Once they let go of having to prove their case - why their side was better - they were able to really work together.  Even if they couldn't decide the whole thing, they were able to shape what they could of the agreement.  And because they worked out the visiting schedule without knowing who the child will live with, they both felt that it was fair.  

They were even joking around with each other.    And their daughter?  She'll be just fine.

Tuesday, May 6, 2008

Splitting up

"A divorce is like an amputation: you survive it, but there's less of you.” - Margaret Atwood

What started as a partnership in marriage (or coming together) has become a (perhaps unwitting) partnership in divorce (or splitting apart.) It is a long and painful process, particularly when there are kids or real estate involved. Which is the best process for you?

The Starbucks Approach. You and your partner can sit down over a cup of coffee and work out the details together. This works well if you have good communication, if neither of you have much property, and if there are no kids involved. It is obviously the cheapest.

Mediation. Here, you and your partner sit down for a series of meetings with a trained divorce mediator (usually an attorney or mental health professional). The mediator is a neutral person who structures the conversations to help you address the issues in conflict, and coming up with an plan to which both of you agree. The mediator then writes up the terms of that agreement. I suggest that each partner show it to an independent review attorney. The mediator or one of the attorneys can then file an uncontested divorce for you, incorporating that agreement. This works best for couples who are someone evenly matched in terms of power, who trust each other not to be hiding assets, who want a good working relationship after the divorce, and who want the terms of their divorce to be private. Mediation allows you to decide what is best for your family, and to shape a plan that is tailored to your family's needs. It is less expensive than litigation.

Collaborative Process. The partners each have their own attorneys who “hold the meditative consciousness.” In a series of 2-way and 4-way meetings, the attorneys guide the partners through the collaborative process, sort of a modified mediation. Collaborative attorneys are specially trained in mediation as well as divorce. The key here is that if the process falls through, each partner must get a different attorney to represent them in court. In other words, the parties agree from the beginning that they will not go to court or threaten to go to court in this process. The collaborative process often involves neutral child specialists and financial planners who can help the partners come up with plans for allocating financial resources and child-care responsibilities.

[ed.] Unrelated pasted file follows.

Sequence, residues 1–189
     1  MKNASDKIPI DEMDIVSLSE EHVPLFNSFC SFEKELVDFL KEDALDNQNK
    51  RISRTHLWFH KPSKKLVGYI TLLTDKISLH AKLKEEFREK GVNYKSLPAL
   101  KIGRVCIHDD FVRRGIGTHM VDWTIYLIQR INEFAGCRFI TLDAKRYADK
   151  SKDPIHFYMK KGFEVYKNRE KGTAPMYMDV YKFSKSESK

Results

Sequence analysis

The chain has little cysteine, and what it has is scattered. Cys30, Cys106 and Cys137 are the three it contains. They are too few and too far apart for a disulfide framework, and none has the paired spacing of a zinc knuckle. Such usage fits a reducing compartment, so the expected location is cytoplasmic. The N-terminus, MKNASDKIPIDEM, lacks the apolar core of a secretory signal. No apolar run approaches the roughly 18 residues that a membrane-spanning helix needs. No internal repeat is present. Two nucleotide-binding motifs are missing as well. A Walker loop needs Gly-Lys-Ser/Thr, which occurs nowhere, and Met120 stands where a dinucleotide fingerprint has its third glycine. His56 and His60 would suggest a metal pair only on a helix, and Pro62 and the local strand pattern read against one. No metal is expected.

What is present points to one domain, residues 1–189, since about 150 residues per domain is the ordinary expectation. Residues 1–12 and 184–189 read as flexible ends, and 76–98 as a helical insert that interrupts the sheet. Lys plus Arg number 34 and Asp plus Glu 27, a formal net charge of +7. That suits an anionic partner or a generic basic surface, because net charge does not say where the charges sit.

This is best for partners who need a little more support than those in mediation, but still want to retain control over the process, and stay non-adversarial. This is best for partners who want to keep a good working relationship in the future, and basically still trust the other to be honest about finances, and who want to keep the details private. It is more expensive than mediation, but still much less than litigation.

Contested divorce. This is the most “traditional” form of divorce, where each side has an attorney, whose job is to zealously advocate for their client. A contested divorce may be necessary if you think that your partner is being dishonest about his or her assets, and about how much money he or she earns. It can also be useful if there is an imbalance of power, or if there is any threat of physical violence. While nearly all contested divorces are settled out of court, there is often a lot of time, money and goodwill exhausted before that actually happens. If the case actually goes to trial, the judge will decide how much time you spend with your children, how to divide up your assets, and how much one will pay the other for spousal or child support. It may be necessary when there is an imbalance or power (or domestic abuse), where there are serious mental illness or addiction issues, or where one partner may be hiding assets. It can costs tens of thousands of dollars, and is often the most stressful for the partners and for the children involved. It can also drag on for months or even years.